Ways to diagnose rings as source of oil consumption

General engine tech -- Drag Racing to Circle Track

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Newold1
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Re: Ways to diagnose rings as source of oil consumption

Post by Newold1 » Wed Jan 03, 2018 7:58 pm

We really should have some more info here to start to help you find your problem possibly.

First, I would comment that the pic to the piston crown also appears to show a little of the cylinder wall finish and I am seeing quite a few vertical scratch lines in the bore finish if that is what they ultimately turn out to be that will allow a fair amount of oil, especially synthetic to pass the rings and still show fairly decent compression and leak downs. The cleaned off outer tops of pistons definitely indicate a moderate amount of oil is going past the rings. Your plugs have shown the sooty condition that shows some oil is burning on them but definitely not enough to foul. What heat range plug are these?


However we should gather some more info and facts before trying to help nail down this problem.
First you mentioned your shop bored and honed and gapped the rings and you assembled? Is that correct?
Which set and type of rings that were used is important to know as well as your bore to piston clearances. What were those and how were the bores measured and piston to bore clearance determined?
What finish RA was used in final honing and were the cylinders plateau honed as a final step?
What assembly lubes and fluids were used during initial assembly?
Is there a possibility the second ring was installed upside down?
What is the width of the rings used and were they a standard tension set, especially the oil rings.
What kind of initial break-in driving procedure and time and distances and speeds were used if any?
What oil pressures is the engine showing from idle up thru you top rpms experienced?
Have you looked with the bore scope down the intake manifold to see if any oil in entering from the bottom of the intake to head gaskets location and oiling the intake track?
What weight and brand of both the synthetic and conventional oils?
What thermostat temp are you using in the cooling system and what temperature does the engine operate at when being cruised or daily driven?
What is your camshaft type and specs?
What cylinder heads and what was done to them for use on the engine, new valves? new guides and types, head gaskets?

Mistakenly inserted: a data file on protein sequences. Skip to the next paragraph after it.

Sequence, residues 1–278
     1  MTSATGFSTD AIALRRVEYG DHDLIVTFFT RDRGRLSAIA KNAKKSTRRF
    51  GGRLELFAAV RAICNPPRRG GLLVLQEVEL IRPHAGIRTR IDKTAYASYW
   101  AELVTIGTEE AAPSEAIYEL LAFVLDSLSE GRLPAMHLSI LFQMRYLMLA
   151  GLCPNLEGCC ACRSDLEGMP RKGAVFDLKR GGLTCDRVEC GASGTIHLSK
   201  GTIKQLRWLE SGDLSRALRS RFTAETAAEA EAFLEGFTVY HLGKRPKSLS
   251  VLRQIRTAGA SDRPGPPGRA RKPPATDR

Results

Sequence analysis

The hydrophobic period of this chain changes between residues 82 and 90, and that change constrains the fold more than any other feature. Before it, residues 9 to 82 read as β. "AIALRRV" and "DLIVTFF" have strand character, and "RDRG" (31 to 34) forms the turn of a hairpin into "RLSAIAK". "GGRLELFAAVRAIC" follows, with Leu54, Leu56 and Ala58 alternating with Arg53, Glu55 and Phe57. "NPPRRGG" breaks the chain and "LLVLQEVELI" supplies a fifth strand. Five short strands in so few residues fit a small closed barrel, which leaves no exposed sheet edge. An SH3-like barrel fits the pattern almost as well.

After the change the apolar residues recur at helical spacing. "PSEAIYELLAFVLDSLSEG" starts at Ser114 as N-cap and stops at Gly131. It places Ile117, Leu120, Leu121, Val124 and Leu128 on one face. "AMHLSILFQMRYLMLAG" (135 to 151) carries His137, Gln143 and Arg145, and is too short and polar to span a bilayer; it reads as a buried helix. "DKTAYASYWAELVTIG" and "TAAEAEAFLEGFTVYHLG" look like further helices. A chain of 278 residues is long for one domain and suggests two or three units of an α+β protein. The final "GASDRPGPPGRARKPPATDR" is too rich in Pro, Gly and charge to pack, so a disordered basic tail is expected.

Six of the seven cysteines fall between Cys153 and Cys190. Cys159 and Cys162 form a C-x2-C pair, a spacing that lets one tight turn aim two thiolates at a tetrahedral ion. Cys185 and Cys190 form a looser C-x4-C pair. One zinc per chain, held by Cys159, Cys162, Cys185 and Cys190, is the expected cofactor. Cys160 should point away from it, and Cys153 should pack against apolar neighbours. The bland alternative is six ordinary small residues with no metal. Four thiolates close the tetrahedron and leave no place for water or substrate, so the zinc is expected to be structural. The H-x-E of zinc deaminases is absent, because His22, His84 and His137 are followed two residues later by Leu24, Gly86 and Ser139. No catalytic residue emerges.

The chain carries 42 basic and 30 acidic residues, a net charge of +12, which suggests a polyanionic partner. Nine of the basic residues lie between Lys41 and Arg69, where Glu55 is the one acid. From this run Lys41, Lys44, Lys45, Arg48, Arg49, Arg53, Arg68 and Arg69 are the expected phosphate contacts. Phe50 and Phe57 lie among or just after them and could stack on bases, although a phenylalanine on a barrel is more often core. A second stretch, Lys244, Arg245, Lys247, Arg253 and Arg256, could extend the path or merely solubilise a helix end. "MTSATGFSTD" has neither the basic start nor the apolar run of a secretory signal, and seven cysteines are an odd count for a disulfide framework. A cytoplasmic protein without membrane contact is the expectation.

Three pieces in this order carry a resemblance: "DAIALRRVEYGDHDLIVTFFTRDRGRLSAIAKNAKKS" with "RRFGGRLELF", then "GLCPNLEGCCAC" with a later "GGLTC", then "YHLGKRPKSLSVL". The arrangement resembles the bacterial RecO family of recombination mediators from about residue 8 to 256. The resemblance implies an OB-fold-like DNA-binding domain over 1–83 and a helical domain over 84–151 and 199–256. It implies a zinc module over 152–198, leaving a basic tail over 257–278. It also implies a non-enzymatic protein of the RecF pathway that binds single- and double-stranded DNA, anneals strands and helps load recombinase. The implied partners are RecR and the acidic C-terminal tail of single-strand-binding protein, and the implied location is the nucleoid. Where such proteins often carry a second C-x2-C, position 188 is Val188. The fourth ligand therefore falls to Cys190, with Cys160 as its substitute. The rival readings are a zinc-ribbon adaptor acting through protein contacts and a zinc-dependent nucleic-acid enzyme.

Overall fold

Sorry, I know this seems like a lot of questions but I always generally find the "DEVIL" is in the details !! and guesses are only 50% accurate at best !
The Older I Get, The Dumber I Get :wink:

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Re: Ways to diagnose rings as source of oil consumption

Post by zwede » Wed Jan 03, 2018 10:13 pm

Thanks for taking the time to help. I found the paperwork for the machine work. It was done November 2006. Man, time flies, I really didn't think it was that long ago!
Newold1 wrote:
Wed Jan 03, 2018 7:58 pm
What heat range plug are these?
They're fairly hot plugs as all my driving is short distance, 10-15 miles. NGK heat range is 4. Champion 14.
First you mentioned your shop bored and honed and gapped the rings and you assembled? Is that correct?
Correct.
Which set and type of rings that were used is important to know as well as your bore to piston clearances. What were those and how were the bores measured and piston to bore clearance determined?
Rings are "SP R9590 45". Looking at summit racing that's a sealed power file-fit plasma-moly. But I can only find the R9590 35 on summit? Anyone have the full specs for the R9590 45?

Sorry, I don't remember the piston-to-wall clearance although he told me. I'm pretty sure he put it a bit on the loose side of the spec Probe gave us. That said, there is no noise at a cold start so the clearance can't be that great.
What finish RA was used in final honing and were the cylinders plateau honed as a final step?
Don't know the RA, but yes it was plateau honed.
What assembly lubes and fluids were used during initial assembly?
I can't recall anything much special was used at all. It's a roller cam so no cam gunk, just motor oil.
Is there a possibility the second ring was installed upside down?
Certainly. :) I have no illusions of being perfect. This was only the second engine I've assembled though so I did take my time and double checked everything.
What is the width of the rings used and were they a standard tension set, especially the oil rings.
Hopefully someone has the specs for the sealed power R9590 45.
What kind of initial break-in driving procedure and time and distances and speeds were used if any?
Just driving around varying rpm and no WOT for a few hundred miles.
What oil pressures is the engine showing from idle up thru you top rpms experienced?
Oil pressure is great. 40 PSI hot idle, 70 PSI 1,500 rpm and up.
Have you looked with the bore scope down the intake manifold to see if any oil in entering from the bottom of the intake to head gaskets location and oiling the intake track?
Well, here's the next can of worms. :) The intake used to be very oily with drops hanging off the underside of the butterflies and puddles on the valves. After I switched to conventional oil this has pretty much completely cleared up. Just a thin oil film in the runners before the injectors (after injectors is clean due to fuel wash).
What weight and brand of both the synthetic and conventional oils?
Mobil1 10W-30 and also oW-40.
Conventional was Delvac 15W-40 for 1,500 miles and now Rotella 15W-40 for 400 miles.